11 Sep Inspiration from the Red Bandanna
Welles Remy Crowther was a 24-year-old equities trader with Sandler O’Neill and Partners on the 104th floor of the South Tower when it was struck on September 11, 2001. A 1999 Boston College graduate, he had been a member of the college’s lacrosse team, where he played with a ubiquitous bandanna under his helmet. Through high school and college, he had been an honors student, and, at 16, he joined as a junior member of his local fire company in Upper Nyack, New York.
Nine minutes after the first plane struck the North Tower Welles called his mother Allison and left a voice mail. “I want you to know that I’m okay,” he said. That was the last his parents would hear from him. At 9:59 a.m., 47 minutes after Welles’ phone call to his mother, the South Tower collapsed. His remains were found six months later.
Welles Crowther’s bravery on 9/11 is the central story of the “Commit” chapter of my book, Leadership that Lasts. Welles had many opportunities to flee the South Tower in the minutes that followed the crash of United Airlines Flight 175. Instead, he made every effort to guide victims to less obstructed stairwells that led downward to safety.
Ling Young, one of the survivors from the 78th floor, encountered the man, trying to protect himself from smoke and dust with a red bandanna. “All [of] a sudden we saw a young man come out of nowhere. You heard this man’s voice say, ‘I found the stairs. Follow me,’” she recounted. “It was the way he said it. We just got up [and followed].”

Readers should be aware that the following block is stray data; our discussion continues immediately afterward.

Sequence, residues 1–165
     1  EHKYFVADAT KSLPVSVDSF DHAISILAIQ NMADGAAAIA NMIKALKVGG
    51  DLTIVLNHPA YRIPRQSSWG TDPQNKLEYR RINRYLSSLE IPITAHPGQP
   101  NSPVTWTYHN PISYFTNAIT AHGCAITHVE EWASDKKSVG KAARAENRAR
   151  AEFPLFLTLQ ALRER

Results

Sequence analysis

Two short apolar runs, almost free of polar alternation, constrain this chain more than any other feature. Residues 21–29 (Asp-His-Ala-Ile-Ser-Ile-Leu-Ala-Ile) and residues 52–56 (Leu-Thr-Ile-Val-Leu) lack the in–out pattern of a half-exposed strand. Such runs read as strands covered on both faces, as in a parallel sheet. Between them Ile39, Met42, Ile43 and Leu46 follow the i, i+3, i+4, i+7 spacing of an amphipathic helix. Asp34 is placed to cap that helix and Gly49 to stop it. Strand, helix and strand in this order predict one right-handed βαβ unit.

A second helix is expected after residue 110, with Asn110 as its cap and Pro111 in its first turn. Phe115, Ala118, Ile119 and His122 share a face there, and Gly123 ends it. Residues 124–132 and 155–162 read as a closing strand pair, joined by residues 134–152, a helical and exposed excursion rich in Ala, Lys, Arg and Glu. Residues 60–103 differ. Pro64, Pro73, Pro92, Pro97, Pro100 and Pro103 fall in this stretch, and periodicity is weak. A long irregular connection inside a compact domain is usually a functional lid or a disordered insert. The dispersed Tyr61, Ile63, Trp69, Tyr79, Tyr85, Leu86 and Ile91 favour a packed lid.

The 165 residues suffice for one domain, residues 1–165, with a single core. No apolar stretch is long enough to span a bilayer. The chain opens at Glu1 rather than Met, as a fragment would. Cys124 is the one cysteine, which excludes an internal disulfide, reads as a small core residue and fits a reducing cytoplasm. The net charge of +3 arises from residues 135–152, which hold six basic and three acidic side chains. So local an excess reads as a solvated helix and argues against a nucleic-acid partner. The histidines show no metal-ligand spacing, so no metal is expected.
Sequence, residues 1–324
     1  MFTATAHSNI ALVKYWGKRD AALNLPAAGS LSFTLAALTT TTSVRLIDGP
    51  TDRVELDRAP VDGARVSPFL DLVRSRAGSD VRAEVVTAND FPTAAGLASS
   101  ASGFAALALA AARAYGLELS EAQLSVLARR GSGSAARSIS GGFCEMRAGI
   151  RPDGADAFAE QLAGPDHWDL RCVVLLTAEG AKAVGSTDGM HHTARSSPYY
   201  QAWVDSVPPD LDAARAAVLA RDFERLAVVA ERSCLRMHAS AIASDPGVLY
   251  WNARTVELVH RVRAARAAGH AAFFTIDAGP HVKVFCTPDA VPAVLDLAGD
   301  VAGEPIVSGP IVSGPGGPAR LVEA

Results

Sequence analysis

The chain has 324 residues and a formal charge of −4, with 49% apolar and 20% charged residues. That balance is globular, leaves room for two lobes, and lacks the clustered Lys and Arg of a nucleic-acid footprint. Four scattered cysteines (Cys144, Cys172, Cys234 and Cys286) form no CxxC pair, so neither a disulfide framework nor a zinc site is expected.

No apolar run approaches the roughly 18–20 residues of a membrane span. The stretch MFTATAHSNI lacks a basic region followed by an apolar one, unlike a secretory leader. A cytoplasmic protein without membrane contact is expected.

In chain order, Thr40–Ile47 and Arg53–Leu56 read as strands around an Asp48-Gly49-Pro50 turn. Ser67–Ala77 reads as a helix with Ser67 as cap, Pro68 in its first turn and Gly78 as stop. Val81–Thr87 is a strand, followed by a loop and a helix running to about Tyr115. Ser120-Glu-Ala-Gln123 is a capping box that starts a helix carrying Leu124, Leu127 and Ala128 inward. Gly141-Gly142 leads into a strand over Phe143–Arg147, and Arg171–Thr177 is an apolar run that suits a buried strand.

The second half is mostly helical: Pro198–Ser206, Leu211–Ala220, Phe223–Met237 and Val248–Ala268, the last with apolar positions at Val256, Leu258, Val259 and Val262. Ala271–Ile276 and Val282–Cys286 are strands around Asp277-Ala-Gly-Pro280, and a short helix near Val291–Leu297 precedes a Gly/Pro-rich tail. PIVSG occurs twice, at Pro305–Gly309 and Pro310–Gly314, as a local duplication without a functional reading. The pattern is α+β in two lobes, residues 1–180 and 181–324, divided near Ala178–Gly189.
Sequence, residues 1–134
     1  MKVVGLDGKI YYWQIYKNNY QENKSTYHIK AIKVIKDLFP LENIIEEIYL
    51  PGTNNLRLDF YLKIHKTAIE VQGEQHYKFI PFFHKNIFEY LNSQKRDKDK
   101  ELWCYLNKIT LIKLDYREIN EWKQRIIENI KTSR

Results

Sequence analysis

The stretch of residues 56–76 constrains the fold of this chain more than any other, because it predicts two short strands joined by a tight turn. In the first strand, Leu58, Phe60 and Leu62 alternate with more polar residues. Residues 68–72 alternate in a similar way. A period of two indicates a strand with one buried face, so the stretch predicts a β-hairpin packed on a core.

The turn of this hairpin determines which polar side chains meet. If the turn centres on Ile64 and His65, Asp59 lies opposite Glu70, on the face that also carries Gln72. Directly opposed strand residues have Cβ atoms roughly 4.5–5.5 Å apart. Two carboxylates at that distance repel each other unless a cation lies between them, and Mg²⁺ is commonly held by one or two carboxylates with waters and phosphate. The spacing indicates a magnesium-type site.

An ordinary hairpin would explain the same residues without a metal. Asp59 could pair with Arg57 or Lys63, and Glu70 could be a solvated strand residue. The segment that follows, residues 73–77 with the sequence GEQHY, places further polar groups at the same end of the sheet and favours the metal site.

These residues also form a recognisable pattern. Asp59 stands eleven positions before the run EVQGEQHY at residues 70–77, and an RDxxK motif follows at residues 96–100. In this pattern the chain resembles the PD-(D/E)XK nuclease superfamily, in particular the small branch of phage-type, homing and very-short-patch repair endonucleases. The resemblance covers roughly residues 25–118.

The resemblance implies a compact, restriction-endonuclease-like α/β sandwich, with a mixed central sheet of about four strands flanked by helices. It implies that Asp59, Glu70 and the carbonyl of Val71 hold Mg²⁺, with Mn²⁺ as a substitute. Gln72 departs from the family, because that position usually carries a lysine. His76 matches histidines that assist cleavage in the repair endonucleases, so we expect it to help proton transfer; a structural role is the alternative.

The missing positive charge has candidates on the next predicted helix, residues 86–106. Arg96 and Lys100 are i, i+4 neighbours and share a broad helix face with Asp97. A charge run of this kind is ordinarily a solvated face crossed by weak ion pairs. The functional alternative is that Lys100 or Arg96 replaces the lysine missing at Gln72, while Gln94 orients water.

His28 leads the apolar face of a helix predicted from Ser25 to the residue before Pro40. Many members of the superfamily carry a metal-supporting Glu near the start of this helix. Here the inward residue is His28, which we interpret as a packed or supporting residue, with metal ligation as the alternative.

Eyewitnesses on 9/11 believe Welles Crowther may have saved as many as 12 people that day. He was posthumously named an honorary firefighter by the FDNY, and his heroic acts were described by President Obama at the 2014 dedication of the National September 11 Memorial and Museum.
More than 400 firefighters and police officers lost their lives on 9/11. Many others died and suffered greatly in the years that followed from the toxic impact of the buildings’ collapse. We should always keep in mind those first responders who enable us to take our safety for granted. They make it possible for us to make choices to be entrepreneurs, leaders, engineers, lawyers, educators and more. Those brave people enable us to pursue our dreams.
(To learn more about Welles Crowther, visit crowthertrust.org. I also encourage you to check out the documentary, Man in Red Bandana, and Tom Rinaldi’s book, The Red Bandanna: A life. A choice. A legacy.)
© Tim Matheney, 2018